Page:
Ah, okay, you know me better than that. Yeah, things are rocky, but not that rocky. Life is going to go on. For nearly everyone.
Apropos of that, I got a note from someone yesterday asking all sorts of questions about how the market turmoil affects him and his. he owns a house with some equity in California, has about $150,000 in equity (worst case scenario), but that used to be closer to $200,000. He has excellent credit but not the world’s greatest income (though it’s better than most). He’s on an adjustable rate mortgage, fixed at 4.25% right now, but it goes variable in 30 months. Should he lock into a fixed rate? Will the market collapse and take his home with it? Doesn’t the Fed care about little homeowners like us? What to do?
Here’s most of my reply:
Whew. Long story, there. I’m happy to help however I can.
The bottom line is no, you shouldn’t worry. This is not to say that there’s no chance that the market could collapse, because there is. There always is. The chances are not very good, though, and you’d be more profitably employed worrying about something with a better chance of happening, like, say, BYU being unable to field a team this season because everyone has had Lisfranc surgery.
I do think mortgage interest rates will rise over the next couple years. Your friend is correct that 2+ years is a long time, and worrying about that now is likely not going to do you much good, but my advice would be to seriously consider the fixed-rate market and figure out at what point it would make sense to refinance to a fixed loan. When the market hits that point – and you’re welcome to email me anytime and ask – do the deal. If it doesn’t get to that point, don’t do anything.
This year, incidentally, I think 30-year rates are going to fall from here. We could hit 6% [par today is 6.25% - ed]. That’s a real possibility. If that’s your target, then that’s something to watch for.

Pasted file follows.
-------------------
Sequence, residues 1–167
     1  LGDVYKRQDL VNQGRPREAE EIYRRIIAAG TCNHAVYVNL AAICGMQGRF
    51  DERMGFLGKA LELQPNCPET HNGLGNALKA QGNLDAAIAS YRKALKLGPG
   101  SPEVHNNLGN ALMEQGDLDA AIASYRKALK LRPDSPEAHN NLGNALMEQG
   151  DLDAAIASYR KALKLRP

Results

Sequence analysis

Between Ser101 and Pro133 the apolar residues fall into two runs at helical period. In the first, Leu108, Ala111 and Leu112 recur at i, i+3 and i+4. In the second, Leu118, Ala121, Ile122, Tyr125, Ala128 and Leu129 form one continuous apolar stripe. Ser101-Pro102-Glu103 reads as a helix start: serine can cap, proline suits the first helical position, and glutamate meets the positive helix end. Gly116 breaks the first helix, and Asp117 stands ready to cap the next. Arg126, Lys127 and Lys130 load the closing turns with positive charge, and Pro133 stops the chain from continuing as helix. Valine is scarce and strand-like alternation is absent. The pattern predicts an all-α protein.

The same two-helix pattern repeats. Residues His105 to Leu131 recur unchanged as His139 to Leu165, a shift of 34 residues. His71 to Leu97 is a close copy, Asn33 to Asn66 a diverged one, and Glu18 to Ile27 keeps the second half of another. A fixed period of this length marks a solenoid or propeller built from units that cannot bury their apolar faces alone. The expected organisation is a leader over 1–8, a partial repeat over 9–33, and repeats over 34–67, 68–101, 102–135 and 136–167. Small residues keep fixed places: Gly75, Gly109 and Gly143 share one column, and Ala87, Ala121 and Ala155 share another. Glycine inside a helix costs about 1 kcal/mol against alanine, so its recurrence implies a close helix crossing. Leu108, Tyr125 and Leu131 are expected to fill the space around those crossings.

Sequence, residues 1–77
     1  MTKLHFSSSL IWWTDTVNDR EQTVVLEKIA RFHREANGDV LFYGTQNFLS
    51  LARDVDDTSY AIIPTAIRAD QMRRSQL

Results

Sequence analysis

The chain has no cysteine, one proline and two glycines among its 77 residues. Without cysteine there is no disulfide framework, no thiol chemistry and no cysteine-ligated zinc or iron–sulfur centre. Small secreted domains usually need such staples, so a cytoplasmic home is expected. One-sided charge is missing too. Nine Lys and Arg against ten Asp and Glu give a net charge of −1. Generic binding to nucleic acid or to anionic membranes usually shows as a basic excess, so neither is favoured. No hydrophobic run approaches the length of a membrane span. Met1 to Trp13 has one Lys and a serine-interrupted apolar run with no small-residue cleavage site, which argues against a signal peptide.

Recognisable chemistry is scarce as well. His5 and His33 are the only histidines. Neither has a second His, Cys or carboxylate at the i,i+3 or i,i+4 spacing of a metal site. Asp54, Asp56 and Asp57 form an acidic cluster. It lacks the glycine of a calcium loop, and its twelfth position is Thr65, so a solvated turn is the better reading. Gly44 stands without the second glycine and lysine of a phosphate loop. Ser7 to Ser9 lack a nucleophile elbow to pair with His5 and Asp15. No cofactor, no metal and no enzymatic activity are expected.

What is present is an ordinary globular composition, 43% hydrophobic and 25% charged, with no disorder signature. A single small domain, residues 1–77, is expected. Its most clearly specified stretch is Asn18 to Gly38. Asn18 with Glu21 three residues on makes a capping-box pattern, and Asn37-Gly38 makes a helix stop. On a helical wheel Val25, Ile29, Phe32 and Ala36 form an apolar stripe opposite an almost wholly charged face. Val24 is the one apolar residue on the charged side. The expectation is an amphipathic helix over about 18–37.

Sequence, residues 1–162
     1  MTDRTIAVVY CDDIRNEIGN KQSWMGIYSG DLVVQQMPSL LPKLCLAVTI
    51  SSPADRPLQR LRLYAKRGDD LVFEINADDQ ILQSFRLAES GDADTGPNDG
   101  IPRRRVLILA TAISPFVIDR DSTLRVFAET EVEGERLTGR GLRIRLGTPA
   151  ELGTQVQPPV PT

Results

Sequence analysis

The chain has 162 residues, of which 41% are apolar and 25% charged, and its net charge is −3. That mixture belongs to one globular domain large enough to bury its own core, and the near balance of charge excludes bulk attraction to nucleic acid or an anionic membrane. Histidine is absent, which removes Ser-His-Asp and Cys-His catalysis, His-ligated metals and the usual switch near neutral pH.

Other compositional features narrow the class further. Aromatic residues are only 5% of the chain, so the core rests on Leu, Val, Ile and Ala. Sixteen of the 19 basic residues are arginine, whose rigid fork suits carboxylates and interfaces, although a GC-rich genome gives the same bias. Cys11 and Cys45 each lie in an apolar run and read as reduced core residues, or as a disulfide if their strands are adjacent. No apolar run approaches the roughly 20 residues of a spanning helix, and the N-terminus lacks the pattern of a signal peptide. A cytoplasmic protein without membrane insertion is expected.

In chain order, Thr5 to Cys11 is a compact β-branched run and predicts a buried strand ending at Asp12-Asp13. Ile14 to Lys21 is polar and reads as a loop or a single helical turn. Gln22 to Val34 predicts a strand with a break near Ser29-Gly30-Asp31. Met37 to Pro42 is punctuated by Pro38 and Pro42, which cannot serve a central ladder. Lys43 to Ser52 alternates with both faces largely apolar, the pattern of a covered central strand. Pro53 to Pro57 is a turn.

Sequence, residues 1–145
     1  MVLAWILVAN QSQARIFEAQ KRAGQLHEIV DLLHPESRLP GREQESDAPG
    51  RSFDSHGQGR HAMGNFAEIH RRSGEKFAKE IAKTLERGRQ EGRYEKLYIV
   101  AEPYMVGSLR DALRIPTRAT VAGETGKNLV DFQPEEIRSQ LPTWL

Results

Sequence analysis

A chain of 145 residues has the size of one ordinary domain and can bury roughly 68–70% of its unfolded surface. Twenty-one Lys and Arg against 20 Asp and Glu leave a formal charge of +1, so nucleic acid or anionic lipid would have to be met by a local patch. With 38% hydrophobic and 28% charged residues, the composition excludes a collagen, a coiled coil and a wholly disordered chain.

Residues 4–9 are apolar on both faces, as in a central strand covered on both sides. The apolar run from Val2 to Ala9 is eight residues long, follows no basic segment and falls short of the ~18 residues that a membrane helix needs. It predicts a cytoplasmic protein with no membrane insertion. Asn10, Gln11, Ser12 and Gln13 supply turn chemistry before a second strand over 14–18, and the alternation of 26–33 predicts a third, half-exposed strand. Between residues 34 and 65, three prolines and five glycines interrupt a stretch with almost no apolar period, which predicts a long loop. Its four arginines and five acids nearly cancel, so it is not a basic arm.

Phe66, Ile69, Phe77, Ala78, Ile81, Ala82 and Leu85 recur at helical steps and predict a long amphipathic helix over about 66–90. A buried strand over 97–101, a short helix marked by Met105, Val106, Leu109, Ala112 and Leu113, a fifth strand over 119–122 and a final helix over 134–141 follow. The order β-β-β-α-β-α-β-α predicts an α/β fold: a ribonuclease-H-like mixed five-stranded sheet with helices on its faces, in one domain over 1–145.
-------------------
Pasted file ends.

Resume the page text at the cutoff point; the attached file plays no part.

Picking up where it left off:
As far as the conforming loan limits go, I do not think they’ll rise by enough this next year to get you under the threshhold. That’s a bit of a jump to get from $417k to where you are. It’s possible, but unlikely. The jumbo combined loan you’d have to do would be about .5% higher than the conforming rate, or you could split the loan again and stay under the line, whichever makes more sense.
As to the Fed, no, they don’t care. More to the point, they’re not supposed to care. I don’t like the Fed much, I have to say, but that’s not because they’re heartless [the heartless Fed cut the symbolic discount rate by .5% this morning, not because that's really going to help much, but because it sends a message that Daddy is not going to sit idly and let the market collapse. The Dow responded by rocketing 300 points on the open, and that noise you hear is a sigh of relief in the credit markets. Remember, the amount of damage we're talking about in this "crisis" with subprime foreclosures is a half-day Wall Street hiccup. Most of the damage being done right now is happening because of panic, not actual financial pain - ed]. Fortunately for you, it’s not the Fed that’s going to determine your interest rate, but the 10-year bond market. All fixed-rate mortgages are loosely correlated with the 10-year (and, to a lesser extent, the 30-year) bond market. You want the price to rise and the yield to fall on that. We watch those pretty closely here, and again, you want info, email me.
Or better yet, my name’s Chris Jones, I run my own brokerage in Lehi, UT, my phone # is 801-310-3407, and my email address is email@example.com. I also publish a blog (two, actually) at mortgageblogger.blogspot.com, where I talk about this stuff, though not as often as I’d like to. We publish a newsletter as well, and if you’d like, I can put you on our mailing list. Just need your name and address.
I hope this all helps. Any time you have a question, get hold of me and if I can, I’ll answer it.
Best of luck.
To you, too. We’re here to answer questions, even stupid ones. And yes, there are stupid questions. But we don’t care about that.